The unintended consequences of nutritional disclosures?

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New York City recently imposed a new rule requiring that chain restaurants to disclose the number of calories in each menu item next to each menu item, and it's generating criticism from a surprising corner: obesity experts.

Of course most experts think that this is a good rule but, according to the New York Times, at least one nationally-recognized authority believes that "the new rules could backfire - whether by adding to the forbidden-fruit allure of high-calorie foods or by sending patrons away hungry enough that they will later gorge themselves even more."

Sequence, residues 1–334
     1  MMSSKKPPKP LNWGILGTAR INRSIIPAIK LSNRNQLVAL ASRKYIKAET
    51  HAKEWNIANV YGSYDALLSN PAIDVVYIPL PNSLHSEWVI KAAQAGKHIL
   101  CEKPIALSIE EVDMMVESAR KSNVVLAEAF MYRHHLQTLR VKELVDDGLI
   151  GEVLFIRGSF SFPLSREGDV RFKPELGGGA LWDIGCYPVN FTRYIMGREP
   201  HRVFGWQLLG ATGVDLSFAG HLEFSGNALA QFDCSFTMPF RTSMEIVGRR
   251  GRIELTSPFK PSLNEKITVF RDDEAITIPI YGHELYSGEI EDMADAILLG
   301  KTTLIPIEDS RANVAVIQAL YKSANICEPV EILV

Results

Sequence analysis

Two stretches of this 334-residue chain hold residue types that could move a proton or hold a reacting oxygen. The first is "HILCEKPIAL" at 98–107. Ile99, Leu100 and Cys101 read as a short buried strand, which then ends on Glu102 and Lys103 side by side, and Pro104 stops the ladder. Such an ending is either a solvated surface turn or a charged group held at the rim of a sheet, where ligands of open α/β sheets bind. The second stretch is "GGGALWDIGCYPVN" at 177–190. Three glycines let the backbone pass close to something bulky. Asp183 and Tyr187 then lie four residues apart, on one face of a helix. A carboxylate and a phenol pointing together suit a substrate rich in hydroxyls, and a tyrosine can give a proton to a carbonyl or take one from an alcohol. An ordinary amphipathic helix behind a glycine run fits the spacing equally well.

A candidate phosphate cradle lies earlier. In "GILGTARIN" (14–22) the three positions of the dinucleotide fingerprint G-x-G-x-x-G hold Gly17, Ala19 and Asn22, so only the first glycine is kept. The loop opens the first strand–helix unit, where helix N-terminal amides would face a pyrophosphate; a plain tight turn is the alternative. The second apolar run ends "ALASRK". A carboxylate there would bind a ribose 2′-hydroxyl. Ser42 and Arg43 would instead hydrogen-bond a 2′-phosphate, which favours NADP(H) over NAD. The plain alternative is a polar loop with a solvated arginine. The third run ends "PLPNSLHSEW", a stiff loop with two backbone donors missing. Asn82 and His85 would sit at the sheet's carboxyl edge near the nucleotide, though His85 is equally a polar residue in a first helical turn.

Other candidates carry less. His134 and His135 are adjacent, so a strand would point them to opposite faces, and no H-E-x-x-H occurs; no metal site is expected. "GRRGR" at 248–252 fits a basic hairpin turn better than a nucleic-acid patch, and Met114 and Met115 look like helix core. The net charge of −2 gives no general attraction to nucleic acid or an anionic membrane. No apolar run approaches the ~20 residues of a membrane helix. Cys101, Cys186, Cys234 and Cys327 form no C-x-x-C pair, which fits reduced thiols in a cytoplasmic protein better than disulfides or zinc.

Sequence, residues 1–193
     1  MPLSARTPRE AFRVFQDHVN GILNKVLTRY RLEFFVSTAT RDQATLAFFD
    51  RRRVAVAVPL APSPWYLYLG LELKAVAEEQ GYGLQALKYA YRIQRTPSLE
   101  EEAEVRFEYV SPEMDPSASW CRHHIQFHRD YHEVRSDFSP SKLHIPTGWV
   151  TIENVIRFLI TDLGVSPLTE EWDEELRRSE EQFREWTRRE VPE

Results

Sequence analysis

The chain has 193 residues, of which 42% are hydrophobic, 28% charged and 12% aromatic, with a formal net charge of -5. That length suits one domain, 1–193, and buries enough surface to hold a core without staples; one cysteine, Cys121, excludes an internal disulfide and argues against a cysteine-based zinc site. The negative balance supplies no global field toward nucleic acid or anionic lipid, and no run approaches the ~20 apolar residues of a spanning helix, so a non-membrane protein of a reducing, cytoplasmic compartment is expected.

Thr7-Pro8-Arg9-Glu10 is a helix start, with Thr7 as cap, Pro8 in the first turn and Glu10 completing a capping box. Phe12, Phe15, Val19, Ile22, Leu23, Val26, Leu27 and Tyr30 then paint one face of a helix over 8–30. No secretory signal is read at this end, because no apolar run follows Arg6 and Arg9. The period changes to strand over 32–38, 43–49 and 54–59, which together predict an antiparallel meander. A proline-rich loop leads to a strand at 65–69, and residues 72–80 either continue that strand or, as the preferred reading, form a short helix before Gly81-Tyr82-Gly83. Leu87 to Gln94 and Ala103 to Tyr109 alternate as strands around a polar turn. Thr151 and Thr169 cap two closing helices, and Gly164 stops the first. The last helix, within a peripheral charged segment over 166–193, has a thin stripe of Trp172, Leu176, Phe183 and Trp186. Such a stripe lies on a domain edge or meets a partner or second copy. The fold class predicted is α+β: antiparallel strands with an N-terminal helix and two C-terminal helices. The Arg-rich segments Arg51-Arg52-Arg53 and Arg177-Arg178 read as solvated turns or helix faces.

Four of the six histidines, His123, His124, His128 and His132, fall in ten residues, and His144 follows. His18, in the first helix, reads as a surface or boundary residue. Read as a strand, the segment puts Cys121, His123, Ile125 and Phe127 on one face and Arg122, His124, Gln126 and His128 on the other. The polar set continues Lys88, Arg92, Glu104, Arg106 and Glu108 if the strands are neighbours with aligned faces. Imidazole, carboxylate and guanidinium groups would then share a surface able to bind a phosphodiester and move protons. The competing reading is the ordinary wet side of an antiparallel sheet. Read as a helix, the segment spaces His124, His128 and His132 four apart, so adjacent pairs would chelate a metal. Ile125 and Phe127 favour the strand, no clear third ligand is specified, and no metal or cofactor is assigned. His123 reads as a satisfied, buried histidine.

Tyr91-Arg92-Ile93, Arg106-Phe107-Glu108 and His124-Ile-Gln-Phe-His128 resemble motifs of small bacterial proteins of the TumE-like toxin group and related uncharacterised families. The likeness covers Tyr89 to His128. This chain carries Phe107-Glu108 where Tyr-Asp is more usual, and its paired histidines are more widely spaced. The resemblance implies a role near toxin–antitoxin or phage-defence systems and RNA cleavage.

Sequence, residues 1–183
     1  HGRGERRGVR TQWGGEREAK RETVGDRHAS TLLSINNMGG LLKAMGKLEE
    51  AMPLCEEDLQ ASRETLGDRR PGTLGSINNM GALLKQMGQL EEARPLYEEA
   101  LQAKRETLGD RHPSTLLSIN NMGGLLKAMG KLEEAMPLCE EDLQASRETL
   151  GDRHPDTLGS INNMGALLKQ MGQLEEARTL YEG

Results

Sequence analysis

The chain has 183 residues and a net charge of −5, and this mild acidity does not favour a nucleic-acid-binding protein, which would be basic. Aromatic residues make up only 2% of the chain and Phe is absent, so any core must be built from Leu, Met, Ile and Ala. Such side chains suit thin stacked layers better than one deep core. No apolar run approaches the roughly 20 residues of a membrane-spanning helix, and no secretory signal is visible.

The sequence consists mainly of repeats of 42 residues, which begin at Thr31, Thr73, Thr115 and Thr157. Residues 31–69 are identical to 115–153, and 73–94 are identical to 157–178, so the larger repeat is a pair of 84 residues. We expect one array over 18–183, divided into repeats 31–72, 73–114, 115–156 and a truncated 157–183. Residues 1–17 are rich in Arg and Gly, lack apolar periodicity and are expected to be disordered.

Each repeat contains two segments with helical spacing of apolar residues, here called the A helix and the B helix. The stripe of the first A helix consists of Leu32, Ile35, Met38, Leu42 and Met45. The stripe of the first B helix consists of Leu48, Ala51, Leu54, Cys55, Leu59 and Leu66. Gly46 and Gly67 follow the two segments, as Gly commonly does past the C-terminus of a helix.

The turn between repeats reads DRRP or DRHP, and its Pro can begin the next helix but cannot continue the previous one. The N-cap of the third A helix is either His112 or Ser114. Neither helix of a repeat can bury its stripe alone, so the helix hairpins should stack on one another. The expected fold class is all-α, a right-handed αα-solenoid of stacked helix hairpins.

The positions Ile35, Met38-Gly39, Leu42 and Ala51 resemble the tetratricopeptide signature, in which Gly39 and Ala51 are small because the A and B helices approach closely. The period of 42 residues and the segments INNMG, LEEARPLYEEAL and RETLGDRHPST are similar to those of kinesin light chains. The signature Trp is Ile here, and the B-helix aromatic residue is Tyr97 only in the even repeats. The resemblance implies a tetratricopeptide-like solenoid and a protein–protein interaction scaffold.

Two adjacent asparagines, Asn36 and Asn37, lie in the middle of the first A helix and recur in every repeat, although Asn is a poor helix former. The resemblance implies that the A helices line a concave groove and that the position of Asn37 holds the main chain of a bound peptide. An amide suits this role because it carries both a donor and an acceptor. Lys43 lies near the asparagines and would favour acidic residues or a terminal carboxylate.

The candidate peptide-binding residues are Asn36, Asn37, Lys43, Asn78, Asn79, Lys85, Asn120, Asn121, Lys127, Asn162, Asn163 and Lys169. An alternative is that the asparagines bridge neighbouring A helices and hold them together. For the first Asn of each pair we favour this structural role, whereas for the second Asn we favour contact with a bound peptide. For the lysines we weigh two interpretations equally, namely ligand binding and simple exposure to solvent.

I'm not buying the "forbidden-fruit" argument. If there is anything new to it, any person who would a burger because it has 900 calories is probably a lost cause anyway.

To me, this is an issue of disclosure: giving consumers more information in an easy and convenient format is almost always a good idea.

Public Citizen
, Center for Science in the Public Interest, the American Medical Association, the American Academy of Pediatrics, the American Diabetes Association and the American Heart Association have all expressed their support for the measure, and I'm inclined to side with them.
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